Reading is like clapping so Tink will live.  If believers aren’t even aware, even the most awesome fairy/novel can disappear without a trace.  Print copies keep the applause rolling.

  14. 14
    Lostshadows says:

    I have Man of my Dreams somewhere. Thankfully, that picture wasn’t on the cover when I got it, and the actual cover hid that picture. I’m not sure I would have had the courage to buy it if it hadn’t.

    Overall, I still mainly read and love my paper books. Once the newness factor of my kindle wore off, I find myself using it far less. Partly this is Amazon’s fault. I keep waking up to find things I’d found very convenient have been “upgraded” away or just disappearing for a while. (Seriously, Amazon, leave the Daily Deals button on the storefront alone.)

    Then there’s the little things I didn’t think I’d miss. The big one is page numbers. Loc 4556 or 3 minutes left in chapter, just seem poor, and meaningless, substitutes. I also miss being able to easily flip a ahead and see how close I am to the end of a chapter. Or just visually charting my progress by how far my bookmark has moved ahead. Plus ebooks that I haven’t read are easier to forget about than a pile of physical books I see everyday.

    But I think the main reason is that, after almost 40 years of turning pages, poking at a screen just doesn’t feel the same.

    Of course, one of my main reasons for getting an ereader still holds, in that some books are just to big and clunky to read physical copies of for long periods and hard to cart around in day to day life. (Just bought the e-version of a 3lb, 662 page, but well loved behemoth. I look forward to rereading it without the wrist strain.)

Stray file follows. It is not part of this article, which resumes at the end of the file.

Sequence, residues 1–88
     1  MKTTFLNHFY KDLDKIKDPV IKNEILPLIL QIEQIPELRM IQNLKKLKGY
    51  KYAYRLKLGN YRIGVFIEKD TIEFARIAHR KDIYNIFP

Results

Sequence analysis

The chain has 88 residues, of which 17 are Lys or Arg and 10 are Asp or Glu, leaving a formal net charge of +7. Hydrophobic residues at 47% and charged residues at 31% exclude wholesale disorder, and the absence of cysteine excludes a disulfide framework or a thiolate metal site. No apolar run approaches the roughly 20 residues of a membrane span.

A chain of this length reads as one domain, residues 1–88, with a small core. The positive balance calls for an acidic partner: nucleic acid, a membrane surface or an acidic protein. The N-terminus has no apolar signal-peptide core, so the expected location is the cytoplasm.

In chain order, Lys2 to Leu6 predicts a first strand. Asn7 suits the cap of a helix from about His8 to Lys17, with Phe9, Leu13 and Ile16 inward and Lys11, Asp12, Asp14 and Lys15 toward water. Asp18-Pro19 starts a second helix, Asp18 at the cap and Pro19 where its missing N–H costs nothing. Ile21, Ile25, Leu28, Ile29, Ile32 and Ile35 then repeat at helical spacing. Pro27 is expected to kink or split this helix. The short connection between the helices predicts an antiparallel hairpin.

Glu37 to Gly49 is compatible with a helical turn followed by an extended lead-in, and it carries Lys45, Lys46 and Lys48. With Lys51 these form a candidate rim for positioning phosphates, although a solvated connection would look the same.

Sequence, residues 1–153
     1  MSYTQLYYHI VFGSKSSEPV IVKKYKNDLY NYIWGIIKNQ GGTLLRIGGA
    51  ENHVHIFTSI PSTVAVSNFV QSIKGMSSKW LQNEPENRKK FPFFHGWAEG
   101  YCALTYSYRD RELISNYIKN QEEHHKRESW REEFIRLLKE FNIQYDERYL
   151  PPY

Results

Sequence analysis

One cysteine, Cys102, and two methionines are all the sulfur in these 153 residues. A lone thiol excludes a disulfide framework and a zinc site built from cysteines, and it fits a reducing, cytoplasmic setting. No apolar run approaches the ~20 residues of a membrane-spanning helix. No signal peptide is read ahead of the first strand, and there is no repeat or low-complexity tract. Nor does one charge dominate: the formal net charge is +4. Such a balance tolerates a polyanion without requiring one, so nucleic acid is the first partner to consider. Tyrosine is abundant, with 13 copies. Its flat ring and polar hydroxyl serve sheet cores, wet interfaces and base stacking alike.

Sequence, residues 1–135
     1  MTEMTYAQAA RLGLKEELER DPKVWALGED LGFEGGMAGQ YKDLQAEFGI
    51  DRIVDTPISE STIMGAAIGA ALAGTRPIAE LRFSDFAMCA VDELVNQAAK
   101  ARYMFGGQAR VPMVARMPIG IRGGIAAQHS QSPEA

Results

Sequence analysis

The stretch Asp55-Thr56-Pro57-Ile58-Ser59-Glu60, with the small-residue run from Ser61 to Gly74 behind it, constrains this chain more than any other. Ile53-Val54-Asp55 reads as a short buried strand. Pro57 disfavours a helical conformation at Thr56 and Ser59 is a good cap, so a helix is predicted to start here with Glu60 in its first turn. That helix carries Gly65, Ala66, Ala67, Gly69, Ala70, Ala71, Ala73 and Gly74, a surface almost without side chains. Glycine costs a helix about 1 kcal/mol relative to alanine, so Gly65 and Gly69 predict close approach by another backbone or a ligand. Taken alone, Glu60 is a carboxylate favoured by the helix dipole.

15. 15
    anngeewhiz says:

    Love this:

    I just want to be a rest stop for them during the course of their lives.

    I am still strictly a paper person. The first e-readers badly hurt my eyes, just like LCD screens. I’m thinking about taking the plunge, but I worry about that credit card bill and would miss the print smell, the dusty pages, and the feel in my hands.

  16. 16
    kkw says:

    I grew up surrounded by books. No TV. Weekly library trips, checked out to the limit. Any lunch money went to used book stores – in Boston, with all the college students, classics were cheaper than genre fiction, so I only read romance sporadically. I sold my books to help fund a cross country bike trip, and went into severe shock, because I had always read a book or more a day, and now I couldn’t carry any, particularly since we started off walking and my pack was already 3/4 of my body weight…there were a series of poorly thought out decisions, ok? Whenever possible I would sit in a small town library for a couple of hours to read a book. Those libraries would have been hard pressed to produce a classic I hadn’t read, but the romance sections were a revelation.

    Selling all those books that meant so much to me but were worth nothing, followed by the year of deprivation trigged some hording behavior. Then I went to live in Europe for a year and it was so hard to get books written in the one language I understand, and impossible to cart them around. The storage space auctioned off all the books I’d left with them.  Book hording commenced in earnest.

    But then I got a nook, and it’s just so…easy. Reassuring. The library books I get each week are no longer damaging my spine, and I can get more whenever I run out.  I am actually toying with the idea of getting rid of the real books, because the space, the moving, the small NYC apt… I’m living with them in storage, trying to see how I’d manage if there were No Actual Books. Perhaps it doesn’t have to be all or nothing, but I can’t handle the Sophie’s Choice. How do you tell a book it’s not a keeper? I feel panicky just thinking about it.